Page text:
Ancient Monuments

History on the Ground

This site is entirely user-supported. See how you can help.

Unenclosed stone hut circle settlement and associated fields north of Standon Down

A Scheduled Monument in Peter Tavy, Devon

Approximate Location Map
Large Map »
Street or Overhead View
Contributor Photos »

If Google Street View is available, the image is from the best available vantage point looking, if possible, towards the location of the monument. Where it is not available, the satellite view is shown instead.


Latitude: 50.624 / 50°37'26"N

Longitude: -4.0507 / 4°3'2"W

OS Eastings: 255038.648947

OS Northings: 82487.526019

OS Grid: SX550824

Mapcode National: GBR Q0.B3B8

Mapcode Global: FRA 27DF.9Q0

Entry Name: Unenclosed stone hut circle settlement and associated fields north of Standon Down

Scheduled Date: 19 January 1962

Last Amended: 29 September 1993

Source: Historic England

Source ID: 1008244

English Heritage Legacy ID: 20368

County: Devon

Civil Parish: Peter Tavy

Traditional County: Devon

Lieutenancy Area (Ceremonial County): Devon


This monument includes sixty-seven stone hut circles, one post-medieval
shelter, a shieling of medieval or post-medieval date and at least twenty
fields situated on a gentle west-facing slope overlooking the valley of the
River Tavy and forming the greater part of the large unenclosed stone hut
circle settlement north of Standon Down. Fifty-six of the stone hut circles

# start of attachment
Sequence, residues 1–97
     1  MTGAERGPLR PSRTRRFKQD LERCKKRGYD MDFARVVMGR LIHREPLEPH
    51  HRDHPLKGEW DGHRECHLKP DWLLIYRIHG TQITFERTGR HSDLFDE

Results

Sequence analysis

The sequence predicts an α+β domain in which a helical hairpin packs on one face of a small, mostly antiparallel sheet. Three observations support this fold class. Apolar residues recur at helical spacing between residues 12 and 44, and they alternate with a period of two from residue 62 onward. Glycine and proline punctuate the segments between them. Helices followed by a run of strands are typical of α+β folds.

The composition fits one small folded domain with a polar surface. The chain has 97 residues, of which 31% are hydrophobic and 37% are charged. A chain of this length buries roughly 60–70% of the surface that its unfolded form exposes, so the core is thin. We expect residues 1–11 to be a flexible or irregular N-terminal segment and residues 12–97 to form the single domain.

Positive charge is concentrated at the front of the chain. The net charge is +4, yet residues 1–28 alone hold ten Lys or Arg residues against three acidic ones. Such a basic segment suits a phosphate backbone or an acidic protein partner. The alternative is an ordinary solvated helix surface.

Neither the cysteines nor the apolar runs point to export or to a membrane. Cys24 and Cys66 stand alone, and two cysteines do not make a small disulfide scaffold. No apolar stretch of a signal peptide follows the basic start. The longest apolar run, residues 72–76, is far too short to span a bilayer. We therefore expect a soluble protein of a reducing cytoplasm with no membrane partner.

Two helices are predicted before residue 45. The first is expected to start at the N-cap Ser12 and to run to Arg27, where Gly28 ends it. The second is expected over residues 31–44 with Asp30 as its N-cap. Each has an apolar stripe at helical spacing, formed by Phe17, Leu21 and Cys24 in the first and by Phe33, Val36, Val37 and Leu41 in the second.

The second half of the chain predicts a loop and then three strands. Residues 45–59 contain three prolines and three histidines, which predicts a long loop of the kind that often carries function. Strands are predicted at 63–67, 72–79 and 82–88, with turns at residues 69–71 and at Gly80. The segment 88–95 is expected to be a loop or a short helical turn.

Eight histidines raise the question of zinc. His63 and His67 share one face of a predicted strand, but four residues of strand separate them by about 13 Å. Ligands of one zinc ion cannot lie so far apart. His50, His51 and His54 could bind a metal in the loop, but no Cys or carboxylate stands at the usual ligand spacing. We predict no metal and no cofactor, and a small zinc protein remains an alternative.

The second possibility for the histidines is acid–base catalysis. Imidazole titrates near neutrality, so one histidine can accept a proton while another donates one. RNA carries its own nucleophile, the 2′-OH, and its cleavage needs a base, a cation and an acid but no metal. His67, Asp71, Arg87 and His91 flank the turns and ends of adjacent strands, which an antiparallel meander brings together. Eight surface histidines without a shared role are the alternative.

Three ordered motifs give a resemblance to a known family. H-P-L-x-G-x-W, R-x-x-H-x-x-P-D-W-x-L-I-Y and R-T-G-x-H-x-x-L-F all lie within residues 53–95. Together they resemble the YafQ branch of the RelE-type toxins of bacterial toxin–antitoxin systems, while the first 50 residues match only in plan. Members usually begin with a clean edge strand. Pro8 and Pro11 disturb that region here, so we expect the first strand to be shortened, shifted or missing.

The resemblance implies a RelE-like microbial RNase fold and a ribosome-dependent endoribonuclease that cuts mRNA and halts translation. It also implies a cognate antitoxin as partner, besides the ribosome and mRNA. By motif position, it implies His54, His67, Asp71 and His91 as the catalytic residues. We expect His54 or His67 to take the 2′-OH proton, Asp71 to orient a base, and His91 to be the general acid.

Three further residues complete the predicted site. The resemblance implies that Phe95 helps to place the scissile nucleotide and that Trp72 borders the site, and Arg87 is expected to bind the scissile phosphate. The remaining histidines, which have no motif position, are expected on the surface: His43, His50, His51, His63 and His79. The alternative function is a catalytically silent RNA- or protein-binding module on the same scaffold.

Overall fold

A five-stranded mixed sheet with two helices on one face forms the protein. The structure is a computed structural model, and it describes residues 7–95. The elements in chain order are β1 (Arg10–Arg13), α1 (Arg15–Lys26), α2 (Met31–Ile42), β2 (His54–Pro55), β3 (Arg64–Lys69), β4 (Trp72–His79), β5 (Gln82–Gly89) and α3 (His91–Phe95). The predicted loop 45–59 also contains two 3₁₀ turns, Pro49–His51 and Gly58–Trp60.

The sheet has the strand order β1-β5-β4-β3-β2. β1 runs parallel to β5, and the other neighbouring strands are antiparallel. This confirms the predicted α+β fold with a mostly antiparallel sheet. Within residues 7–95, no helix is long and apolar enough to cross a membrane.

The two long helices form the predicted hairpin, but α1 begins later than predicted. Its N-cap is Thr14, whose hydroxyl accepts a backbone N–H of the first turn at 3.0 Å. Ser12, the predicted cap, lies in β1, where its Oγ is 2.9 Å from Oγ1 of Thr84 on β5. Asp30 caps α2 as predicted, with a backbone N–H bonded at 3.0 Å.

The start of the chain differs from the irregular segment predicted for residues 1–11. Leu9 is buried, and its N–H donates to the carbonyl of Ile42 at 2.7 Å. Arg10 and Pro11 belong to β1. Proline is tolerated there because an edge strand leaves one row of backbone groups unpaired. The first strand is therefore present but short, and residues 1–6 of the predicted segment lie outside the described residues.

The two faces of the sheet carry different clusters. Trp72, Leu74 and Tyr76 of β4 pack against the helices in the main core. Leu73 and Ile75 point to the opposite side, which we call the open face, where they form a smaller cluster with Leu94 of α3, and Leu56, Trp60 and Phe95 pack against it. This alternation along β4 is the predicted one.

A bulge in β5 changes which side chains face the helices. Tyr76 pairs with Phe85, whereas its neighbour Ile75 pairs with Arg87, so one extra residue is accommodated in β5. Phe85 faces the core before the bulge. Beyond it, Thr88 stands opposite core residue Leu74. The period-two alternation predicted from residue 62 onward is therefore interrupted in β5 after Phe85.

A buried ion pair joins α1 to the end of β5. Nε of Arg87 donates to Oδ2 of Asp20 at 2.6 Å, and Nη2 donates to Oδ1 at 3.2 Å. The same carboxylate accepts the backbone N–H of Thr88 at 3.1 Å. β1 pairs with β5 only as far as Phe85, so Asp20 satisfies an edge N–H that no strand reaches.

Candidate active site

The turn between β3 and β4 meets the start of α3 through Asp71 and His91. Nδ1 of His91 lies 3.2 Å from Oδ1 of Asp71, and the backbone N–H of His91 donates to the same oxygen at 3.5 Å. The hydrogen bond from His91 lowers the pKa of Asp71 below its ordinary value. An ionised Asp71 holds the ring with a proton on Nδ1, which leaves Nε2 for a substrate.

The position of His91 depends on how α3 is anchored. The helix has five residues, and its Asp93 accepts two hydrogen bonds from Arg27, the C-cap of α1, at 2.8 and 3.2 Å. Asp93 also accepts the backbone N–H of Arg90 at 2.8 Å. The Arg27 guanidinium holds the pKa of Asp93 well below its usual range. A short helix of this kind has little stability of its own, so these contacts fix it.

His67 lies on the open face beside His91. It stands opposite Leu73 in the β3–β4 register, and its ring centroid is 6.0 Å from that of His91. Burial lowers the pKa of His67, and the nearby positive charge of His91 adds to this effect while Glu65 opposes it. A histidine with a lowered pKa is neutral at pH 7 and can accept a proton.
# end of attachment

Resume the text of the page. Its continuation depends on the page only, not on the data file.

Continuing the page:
are attached to boundary walls. Sixty-six of the huts are circular in plan
and the internal diameters of these huts vary from 1.8m to 8.8m, with the
average being 4.19m. Only one hut is oval in plan and this measures 3.2m long
by 2m wide and has a wall standing up to 0.6m high. The average height of all
the walls is 0.73m. At least one of the huts contains a hearth, two have
porches, one has an internal partition wall and two have benches.
The field system associated with the settlement includes around twenty
irregular fields. In most cases the boundaries abut the huts suggesting that
the fields were added at some date after the settlement was established.
The post-medieval shepherd's shelter built into one of the earlier stone hut
circles is composed of drystone coursed walling and measures 1.8m long by 1.4m
wide and stands up to 0.5m high. The doorway faces south.
The shieling is situated on the southern edge of the settlement and is a
rectangular one roomed structure with coursed drystone walls and measures 6m
long by 4.4m wide and has 1.3m wide walls standing up to 0.6m high. It is
possible that material from an underlying stone hut circle was robbed to erect
this building.
During July 1901 forty-three of the stone hut circles were partially excavated
by the Dartmoor Exploration Committee. Considerable quantities of charcoal
were found together with cooking stones, pottery and flint artefacts.

The site of the monument is shown on the attached map extract.
It includes a 2 metre boundary around the archaeological features,
considered to be essential for the monument's support and preservation.

Source: Historic England